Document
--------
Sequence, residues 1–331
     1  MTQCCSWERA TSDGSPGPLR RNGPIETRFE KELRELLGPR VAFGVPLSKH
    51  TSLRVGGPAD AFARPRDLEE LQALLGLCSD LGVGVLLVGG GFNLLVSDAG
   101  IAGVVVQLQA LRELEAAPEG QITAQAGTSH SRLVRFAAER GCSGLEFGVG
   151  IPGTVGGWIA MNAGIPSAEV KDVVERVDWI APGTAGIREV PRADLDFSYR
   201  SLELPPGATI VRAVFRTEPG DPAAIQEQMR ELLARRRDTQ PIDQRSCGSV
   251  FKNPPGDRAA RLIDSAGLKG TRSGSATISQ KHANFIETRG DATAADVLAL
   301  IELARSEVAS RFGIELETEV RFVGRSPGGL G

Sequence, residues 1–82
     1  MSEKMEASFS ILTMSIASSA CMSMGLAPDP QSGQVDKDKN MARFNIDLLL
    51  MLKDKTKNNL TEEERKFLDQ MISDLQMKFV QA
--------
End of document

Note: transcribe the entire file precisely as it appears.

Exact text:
Sequence, residues 1–331
     1  MTQCCSWERA TSDGSPGPLR RNGPIETRFE KELRELLGPR VAFGVPLSKH
    51  TSLRVGGPAD AFARPRDLEE LQALLGLCSD LGVGVLLVGG GFNLLVSDAG
   101  IAGVVVQLQA LRELEAAPEG QITAQAGTSH SRLVRFAAER GCSGLEFGVG
   151  IPGTVGGWIA MNAGIPSAEV KDVVERVDWI APGTAGIREV PRADLDFSYR
   201  SLELPPGATI VRAVFRTEPG DPAAIQEQMR ELLARRRDTQ PIDQRSCGSV
   251  FKNPPGDRAA RLIDSAGLKG TRSGSATISQ KHANFIETRG DATAADVLAL
   301  IELARSEVAS RFGIELETEV RFVGRSPGGL G

Sequence, residues 1–82
     1  MSEKMEASFS ILTMSIASSA CMSMGLAPDP QSGQVDKDKN MARFNIDLLL
    51  MLKDKTKNNL TEEERKFLDQ MISDLQMKFV QA